U.S. home builder sentiment ebbs in January-NAHB

U.S. home builder sentiment ebbs in January-NAHB

U.S. home builder sentiment ebbs in January-NAHB
Carpenters work on building new townhomes that are still under construction while building material supplies are in high demand in Tampa, Florida, U.S., May 5, 2021. REUTERS/Octavio Jones

January 18, 2022

WASHINGTON (Reuters) – Confidence among U.S. single-family homebuilders slipped in January after four straight monthly increases, and builders called for a new softwood lumber agreement with Canada to ease shortages and lower prices, a survey showed on Tuesday.

The National Association of Home Builders/Wells Fargo Housing Market index dipped one point to 83 this month. A reading above 50 indicates that more builders view conditions as good than poor.

“NAHB analysis indicates the aggregate cost of residential construction materials has increased almost 19% since December 2021,” NAHB Chairman Chuck Fowke said in a statement. “Policymakers need to take action to fix supply chains. Obtaining a new softwood lumber agreement with Canada and reducing tariffs is an excellent place to start.”

According to the NAHB, higher material costs and shortages were adding weeks to typical single-family construction times. The economy is struggling with high inflation, mostly the result of the COVID-19 pandemic, which has snarled supply chains.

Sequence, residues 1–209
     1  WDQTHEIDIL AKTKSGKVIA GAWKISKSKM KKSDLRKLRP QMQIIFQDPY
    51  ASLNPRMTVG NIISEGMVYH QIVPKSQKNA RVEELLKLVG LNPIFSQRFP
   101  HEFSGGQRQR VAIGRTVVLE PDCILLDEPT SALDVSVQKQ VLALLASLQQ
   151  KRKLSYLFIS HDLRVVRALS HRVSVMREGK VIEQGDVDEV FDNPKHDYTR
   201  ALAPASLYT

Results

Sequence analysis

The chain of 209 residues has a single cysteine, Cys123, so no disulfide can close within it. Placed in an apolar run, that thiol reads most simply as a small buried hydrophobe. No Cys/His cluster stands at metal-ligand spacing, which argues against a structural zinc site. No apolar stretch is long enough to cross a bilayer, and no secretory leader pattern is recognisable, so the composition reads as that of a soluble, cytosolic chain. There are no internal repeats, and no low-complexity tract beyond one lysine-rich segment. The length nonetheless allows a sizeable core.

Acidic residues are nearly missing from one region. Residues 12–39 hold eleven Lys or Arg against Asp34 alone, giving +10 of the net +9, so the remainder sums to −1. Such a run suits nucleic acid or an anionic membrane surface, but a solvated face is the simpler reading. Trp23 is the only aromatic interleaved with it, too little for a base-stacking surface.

The United States last November nearly doubled the duties on imported Canadian softwood lumber to 17.9% after a review of its anti-dumping and countervailing duty orders.

The Trump administration initially imposed 20% duties on Canadian softwood lumber in 2018 after the collapse of talks on a new quota arrangement, but reduced the level in December 2020 to 9%. President Joe Biden’s administration had stuck to those duties until the Commerce Department’s November review.

The NAHB survey was conducted during the first two weeks of January and does not fully reflect the recent jump in mortgage interest rates. The 30-year fixed-rate mortgage averaged 3.45% during the week ending Jan. 13, up from 3.22% in the prior week, according to data from mortgage finance agency Freddie Mac.

More expensive building materials and higher mortgage rates could make housing less affordable, especially for lower-income groups and first-time home buyers.

The survey’s measure of current sales conditions was unchanged at 90, but its gauge of sales expectations over the next six months dropped two points to 83.

The component measuring traffic of prospective buyers also fell two points to 69.

(Reporting By Lucia Mutikani; Editing by Chizu Nomiyama)

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Author: Shirley